I've just picked up a vintage wallpaper catalog for San-Kro- Mura brand wallpapers. I'm guessing the name San-Kro-Mura refers to sanitary, chromatic and mural - colorful mural papers with a sanitary surface (easy to wipe clean). Anyway, the catalog is interesting because it includes an image of one of the panels from the Wizard of Oz paper designed by W. W. Denslow. The catalog only shows a small picture in black & white, but it's a fun reminder of the popularity of the story in the early 20th century - long before the MGM film! In this case, there was a set of six panels, featuring characters drawn by Denslow, relating to the 1903 Broadway musical. A set of verses beneath the drawings sum up the show. This paper was probably designed around the time of that success, although this catalog is from considerably later - it refers to the artist as the "late W. W. Denzlow" (mispelling his name with a Z). Denslow died in 1915, but this catalog could be from as late as the 1920's - there is no date indicated.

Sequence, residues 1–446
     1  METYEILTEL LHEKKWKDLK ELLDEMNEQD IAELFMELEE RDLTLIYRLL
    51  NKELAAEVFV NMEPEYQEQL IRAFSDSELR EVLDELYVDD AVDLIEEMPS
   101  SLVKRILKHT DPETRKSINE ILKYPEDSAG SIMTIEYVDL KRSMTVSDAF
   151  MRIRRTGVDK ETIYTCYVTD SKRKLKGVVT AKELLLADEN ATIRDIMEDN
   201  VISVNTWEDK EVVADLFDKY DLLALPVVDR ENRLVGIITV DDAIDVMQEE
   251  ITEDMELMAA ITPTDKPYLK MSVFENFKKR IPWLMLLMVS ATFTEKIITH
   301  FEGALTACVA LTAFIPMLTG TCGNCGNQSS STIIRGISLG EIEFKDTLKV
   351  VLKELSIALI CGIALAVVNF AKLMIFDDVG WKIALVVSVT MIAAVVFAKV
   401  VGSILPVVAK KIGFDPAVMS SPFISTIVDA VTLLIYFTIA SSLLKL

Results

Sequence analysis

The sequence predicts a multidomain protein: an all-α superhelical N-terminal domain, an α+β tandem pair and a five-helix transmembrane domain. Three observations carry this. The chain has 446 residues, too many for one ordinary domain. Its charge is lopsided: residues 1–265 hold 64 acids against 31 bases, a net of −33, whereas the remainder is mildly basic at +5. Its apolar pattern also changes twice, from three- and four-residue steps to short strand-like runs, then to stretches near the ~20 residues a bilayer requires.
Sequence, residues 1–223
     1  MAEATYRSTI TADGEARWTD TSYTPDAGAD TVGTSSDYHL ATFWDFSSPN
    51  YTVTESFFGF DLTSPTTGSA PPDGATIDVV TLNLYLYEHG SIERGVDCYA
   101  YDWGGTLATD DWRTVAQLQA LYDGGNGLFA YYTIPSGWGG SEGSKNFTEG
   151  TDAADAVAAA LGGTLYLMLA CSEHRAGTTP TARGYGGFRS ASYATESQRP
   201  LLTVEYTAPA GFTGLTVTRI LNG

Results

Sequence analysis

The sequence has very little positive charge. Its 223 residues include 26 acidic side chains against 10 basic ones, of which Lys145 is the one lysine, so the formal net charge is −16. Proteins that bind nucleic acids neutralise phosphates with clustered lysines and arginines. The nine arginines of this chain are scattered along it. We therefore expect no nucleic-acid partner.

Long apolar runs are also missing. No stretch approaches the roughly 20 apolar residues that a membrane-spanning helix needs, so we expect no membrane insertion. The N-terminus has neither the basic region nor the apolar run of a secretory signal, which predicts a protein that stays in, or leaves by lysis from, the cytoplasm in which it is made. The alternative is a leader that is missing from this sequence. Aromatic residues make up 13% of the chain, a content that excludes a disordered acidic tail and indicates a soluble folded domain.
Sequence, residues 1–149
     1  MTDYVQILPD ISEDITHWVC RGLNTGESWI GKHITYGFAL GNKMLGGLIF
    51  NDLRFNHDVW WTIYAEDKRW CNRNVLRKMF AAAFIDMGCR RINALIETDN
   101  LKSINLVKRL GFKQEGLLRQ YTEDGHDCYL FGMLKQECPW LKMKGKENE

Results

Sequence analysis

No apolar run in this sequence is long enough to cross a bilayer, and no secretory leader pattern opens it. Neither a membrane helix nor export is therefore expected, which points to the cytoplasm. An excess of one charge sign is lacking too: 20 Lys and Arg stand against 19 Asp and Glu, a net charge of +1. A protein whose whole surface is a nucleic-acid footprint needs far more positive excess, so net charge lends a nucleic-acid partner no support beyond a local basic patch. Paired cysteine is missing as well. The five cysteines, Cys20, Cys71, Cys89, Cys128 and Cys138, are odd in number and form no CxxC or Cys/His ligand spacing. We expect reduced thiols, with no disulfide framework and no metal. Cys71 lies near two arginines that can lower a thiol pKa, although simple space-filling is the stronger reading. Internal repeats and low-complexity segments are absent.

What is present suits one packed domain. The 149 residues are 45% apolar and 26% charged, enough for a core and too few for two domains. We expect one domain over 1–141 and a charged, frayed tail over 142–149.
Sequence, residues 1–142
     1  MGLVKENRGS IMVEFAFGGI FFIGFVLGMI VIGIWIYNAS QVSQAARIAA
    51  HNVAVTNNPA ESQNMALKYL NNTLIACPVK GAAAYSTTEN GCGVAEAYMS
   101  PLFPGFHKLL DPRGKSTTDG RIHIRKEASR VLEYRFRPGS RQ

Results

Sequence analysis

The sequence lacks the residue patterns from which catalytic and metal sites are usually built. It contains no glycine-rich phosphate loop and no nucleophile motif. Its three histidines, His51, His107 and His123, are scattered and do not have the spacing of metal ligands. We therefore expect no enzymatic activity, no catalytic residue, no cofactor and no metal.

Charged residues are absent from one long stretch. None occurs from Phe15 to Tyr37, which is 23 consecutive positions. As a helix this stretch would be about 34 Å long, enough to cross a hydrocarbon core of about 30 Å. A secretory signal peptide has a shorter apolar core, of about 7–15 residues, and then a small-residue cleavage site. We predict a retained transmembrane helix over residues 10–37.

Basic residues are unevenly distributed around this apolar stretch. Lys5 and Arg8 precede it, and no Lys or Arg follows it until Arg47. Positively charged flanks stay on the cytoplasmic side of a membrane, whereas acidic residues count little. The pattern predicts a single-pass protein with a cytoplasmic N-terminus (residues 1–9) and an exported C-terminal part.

The other papers shown in the catalog are also interesting. Among the nursery designs on the same page as the Oz paper are two examples taken from The Rhyme of a Run, a children's book written and illustrated by Florence Harrison, and published in 1907. The Oz paper was probably intended to be used as a frieze around a room, or as individually framed panels. I suppose the individual characters could also have been cut out and used as appliques over another paper.
Artistic wallpapering of the period seems to have involved a lot of steps, dealing with multiple borders and hand cutting details and appliques out of larger sheets to get effects like a pergola with blooming vines, or a tapestry hung on the wall. In order to apply appliques to the first layer of paper, the book recommends adding a cup of black molasses to the wallpaper paste! Having never dealt with wallpaper, I think I'll stick to paint.